1. Ana - perhaps you did not see this sad news:

    However, recent news about the crushing defeat of Labour greenies in Queensland's state elections gives hope that the revolt against watermelon politics has begun in earnest in the Antipodes:

    1. Calvin, yes, that's his father and it is sad news. Great news from down under though. :-)

  2. They would be quite a sight on the white cliffs of Dover.

    1. There'll be windmills over the white cliffs of Dover...:-)

  3. Have you read "The Red Queen", Ana? I read it back in the 90's and is very entertaining.

    As for wind turbines, they are symbolic of what has become of our political landscape which seeks to sacrifice British scenery, identity and sovereignty for money and ambition.

    Yet, when it comes to welfare and foreign aid politicians are only too willing to spend taxpayers money; it is all about votes and being re-elected.

    The noble British Statesman who acted in the interests of his country has dies out with Winston Churchill, Ana.

    Margaret Thatcher was an aberration.

    TURNING and turning in the widening gyre
    The falcon cannot hear the falconer;
    Things fall apart; the centre cannot hold;
    Mere anarchy is loosed upon the world,
    The blood-dimmed tide is loosed, and everywhere
    The ceremony of innocence is drowned;
    The best lack all conviction, while the worst
    Are full of passionate intensity.

    Surely some revelation is at hand;
    Surely the Second Coming is at hand.
    The Second Coming! Hardly are those words out
    When a vast image out of Spiritus Mundi
    Troubles my sight: somewhere in sands of the desert A shape with lion body and the head of a man,A gaze blank and pitiless as the sun,
    Is moving its slow thighs, while all about it
    Reel shadows of the indignant desert birds.
    The darkness drops again; but now I know
    That twenty centuries of stony sleep
    Were vexed to nightmare by a rocking cradle,
    And what rough beast, its hour come round at last,Slouches towards Bethlehem to be born?

    W.B. Yeats

    1. I haven't, Nobby. I'll have a look. You know, I've taken to quoting The Second Coming more and more, most recently in one of my Broowaha articles.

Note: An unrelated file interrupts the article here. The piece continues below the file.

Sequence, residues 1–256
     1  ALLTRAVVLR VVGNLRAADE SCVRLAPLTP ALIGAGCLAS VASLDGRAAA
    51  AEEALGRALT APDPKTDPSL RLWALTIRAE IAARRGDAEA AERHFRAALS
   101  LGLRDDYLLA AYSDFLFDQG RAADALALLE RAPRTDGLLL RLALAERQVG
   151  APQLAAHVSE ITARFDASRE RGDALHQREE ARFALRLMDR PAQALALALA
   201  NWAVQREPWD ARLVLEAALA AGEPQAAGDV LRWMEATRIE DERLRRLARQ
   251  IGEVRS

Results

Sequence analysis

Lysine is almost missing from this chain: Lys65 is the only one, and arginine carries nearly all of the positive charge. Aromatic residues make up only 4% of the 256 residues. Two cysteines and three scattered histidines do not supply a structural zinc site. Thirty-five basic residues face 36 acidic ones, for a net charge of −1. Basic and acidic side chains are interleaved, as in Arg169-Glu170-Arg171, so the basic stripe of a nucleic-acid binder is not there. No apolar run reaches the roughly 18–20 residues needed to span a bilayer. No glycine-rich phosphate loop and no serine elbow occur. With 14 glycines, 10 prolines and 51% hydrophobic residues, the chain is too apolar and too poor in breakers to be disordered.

4. well you may not like the aesthetics of wind turbines, but they're a great improvement on those of a coal mine, not to mention the impact of mines and coal-fired energy sources on the environment (acid rain etc..)

    1. Are they, CWB? But surely the issue is about productivity. As I've said repeatedly, you could cover the country from end to end with these monstrosities and still not meet a fraction of our future energy needs. The whole thing is a massive fraud.

  5. It's almost as if they all got together at a big seminar and tried to decide the most stupid and expensive policies they could.

  6. Well said Ana,

    The current wind farm scam is simply a method where the avaricious can exploit the stupidity of a group of noisy technically illiterate dreamers for their own ends.

    The result is they can rip-off every person in the land. Out spineless politicians bumble along, frightened of offending the wind farm cartel.

    My only disagreement with Matt Ridley is his use of the expression "weapons grade tosser" for the supporters of wind farms. Personally I think these quasi-religious zealots deserve only a brevity of description and that "tosser" more than suffices.


  7. Pylons began the rape of the English countryside and now we have wind-farms. If you analyse the term, its meaninglessness is immediately exposed. Another attempt by the powers that be to manipulate the public into supporting a deal. A deal that involves selling their interests.

  8. These wind up merchants have got the wind up now.